Minced beef is one of the most common sources of foodborne infections, mainly because many people do not cook the product to high enough temperatures to kill off pathogens such as Salmonella, Listeria and E.Coli.
However, outbreaks of E. coli have been traced to beef processors and regulatory developments are increasing pressure on processors to control bacterial pathogens during production.
Better understanding on the affect temperature fluctuations have on minced meat will help processors set critical limits for temperatures during grinding, say researchers.
The research study
The research, published in the August issue of the Journal of Food Protection, found that E. coli growth was not drastically affected by temperature changes in a set time period. There was little difference between meat held at low refrigeration temperatures and meat held at room temperatures during a six-hour period.
The researchers infected fresh ground beef samples with streptomycin-resistant E. coli and placed samples in four different environments. The samples were monitored at 4.4, 7.2, 10°C, and at room temperature (22.2 to 23.3°C). Researchers say that these temperatures are almost identical to those recorded in meat-processing facilities.
The samples held under refrigeration were then examined for E. coli counts at 4, 8, 12, 24, 48, and 72-hour intervals. The room temperature samples were logged every two hours over a 12-hour period using tryptic soy agar, which is a culturing medium used to determine bacterial numbers.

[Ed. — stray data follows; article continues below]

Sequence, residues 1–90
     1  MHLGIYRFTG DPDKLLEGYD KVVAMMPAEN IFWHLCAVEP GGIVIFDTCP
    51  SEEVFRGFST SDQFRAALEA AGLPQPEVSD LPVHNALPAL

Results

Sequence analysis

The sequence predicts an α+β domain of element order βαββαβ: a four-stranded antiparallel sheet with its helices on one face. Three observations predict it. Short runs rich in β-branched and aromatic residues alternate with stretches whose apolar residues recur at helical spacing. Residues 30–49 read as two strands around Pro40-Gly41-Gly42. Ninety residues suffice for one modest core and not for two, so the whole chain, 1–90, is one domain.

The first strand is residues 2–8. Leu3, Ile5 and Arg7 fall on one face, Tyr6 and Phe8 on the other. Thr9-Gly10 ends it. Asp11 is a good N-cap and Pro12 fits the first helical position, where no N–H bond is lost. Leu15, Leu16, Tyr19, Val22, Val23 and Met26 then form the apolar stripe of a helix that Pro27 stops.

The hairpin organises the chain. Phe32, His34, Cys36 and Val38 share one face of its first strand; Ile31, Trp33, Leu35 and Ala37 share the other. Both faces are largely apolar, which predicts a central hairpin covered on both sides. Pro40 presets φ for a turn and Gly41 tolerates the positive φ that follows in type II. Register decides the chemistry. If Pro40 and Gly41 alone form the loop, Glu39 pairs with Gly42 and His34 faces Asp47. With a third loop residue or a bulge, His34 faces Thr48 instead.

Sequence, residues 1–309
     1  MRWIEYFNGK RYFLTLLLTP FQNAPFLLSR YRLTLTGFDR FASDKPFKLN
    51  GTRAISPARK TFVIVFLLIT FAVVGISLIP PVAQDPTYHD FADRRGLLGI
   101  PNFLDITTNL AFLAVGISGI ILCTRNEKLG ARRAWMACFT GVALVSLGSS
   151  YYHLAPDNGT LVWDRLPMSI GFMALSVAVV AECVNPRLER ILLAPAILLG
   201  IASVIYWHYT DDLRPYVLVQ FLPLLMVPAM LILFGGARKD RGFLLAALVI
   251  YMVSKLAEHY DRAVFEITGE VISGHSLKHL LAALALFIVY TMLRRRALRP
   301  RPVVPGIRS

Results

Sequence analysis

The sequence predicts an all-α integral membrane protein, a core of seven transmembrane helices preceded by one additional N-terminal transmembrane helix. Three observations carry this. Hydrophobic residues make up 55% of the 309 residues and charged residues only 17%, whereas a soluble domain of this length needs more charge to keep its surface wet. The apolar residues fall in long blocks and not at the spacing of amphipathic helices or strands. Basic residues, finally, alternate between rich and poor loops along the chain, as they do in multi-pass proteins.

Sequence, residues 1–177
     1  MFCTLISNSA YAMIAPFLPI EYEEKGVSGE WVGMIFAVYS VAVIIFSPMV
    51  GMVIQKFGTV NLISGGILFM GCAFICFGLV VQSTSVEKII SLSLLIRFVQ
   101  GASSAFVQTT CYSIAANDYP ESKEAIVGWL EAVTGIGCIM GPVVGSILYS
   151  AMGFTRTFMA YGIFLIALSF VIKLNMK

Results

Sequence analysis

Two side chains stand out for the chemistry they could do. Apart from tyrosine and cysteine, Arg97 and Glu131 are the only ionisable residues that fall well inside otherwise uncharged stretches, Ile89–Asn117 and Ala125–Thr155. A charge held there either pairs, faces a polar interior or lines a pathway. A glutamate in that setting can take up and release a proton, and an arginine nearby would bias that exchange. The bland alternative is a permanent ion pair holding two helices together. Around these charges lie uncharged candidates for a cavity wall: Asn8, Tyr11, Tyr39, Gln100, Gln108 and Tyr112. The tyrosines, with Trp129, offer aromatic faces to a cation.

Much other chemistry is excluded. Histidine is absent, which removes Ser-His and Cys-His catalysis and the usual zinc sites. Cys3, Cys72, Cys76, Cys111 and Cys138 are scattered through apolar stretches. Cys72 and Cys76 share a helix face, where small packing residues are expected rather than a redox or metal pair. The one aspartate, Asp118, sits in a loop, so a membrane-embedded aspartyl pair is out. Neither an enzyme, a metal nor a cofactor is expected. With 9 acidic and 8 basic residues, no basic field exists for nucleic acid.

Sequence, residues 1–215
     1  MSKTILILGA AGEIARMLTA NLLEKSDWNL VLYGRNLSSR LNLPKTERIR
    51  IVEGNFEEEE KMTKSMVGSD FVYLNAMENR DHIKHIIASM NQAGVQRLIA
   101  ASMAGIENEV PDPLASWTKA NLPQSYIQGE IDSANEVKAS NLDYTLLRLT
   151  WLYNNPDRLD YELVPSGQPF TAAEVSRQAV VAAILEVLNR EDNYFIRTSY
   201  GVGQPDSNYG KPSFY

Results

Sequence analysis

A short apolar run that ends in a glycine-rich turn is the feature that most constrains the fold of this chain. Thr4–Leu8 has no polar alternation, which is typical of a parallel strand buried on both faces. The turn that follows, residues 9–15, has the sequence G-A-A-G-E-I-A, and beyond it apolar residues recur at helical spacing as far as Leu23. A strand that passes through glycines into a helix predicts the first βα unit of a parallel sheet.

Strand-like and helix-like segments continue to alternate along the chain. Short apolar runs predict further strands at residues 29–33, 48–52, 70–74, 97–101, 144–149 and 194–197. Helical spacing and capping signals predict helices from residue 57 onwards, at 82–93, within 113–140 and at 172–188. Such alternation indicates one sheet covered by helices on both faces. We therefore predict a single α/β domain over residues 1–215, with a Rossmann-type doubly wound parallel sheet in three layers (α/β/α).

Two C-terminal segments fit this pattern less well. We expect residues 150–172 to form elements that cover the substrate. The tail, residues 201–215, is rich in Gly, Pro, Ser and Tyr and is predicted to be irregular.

Not surprisingly, samples held under refrigeration temperatures did not facilitate an increase in E. coli growth. E. coli did begin growing faster at 10°C but only after 48 hours, while samples held at 4.4 and 7.2°C maintained minimal growth during the entire 72-hour test.
Six-hour mark important
However, samples held at room temperature did not witness an increase in E. coli until it passed the six-hour mark.
Researchers did note that after the six-hour mark, E. coli levels in room temperature minced beef increased rapidly.
“These results illustrate that meat processors can utilise a variety of time and temperature combinations as critical limits in their hazard analysis critical control point plans to minimise E. coli O157:H7 growth during the production and storage of ground beef,” stated the report.
In South Africa, pathogens such as E. coli lead to numerous sick days, needless deaths and large public health costs every year. - (Decision News Media, August 2006)
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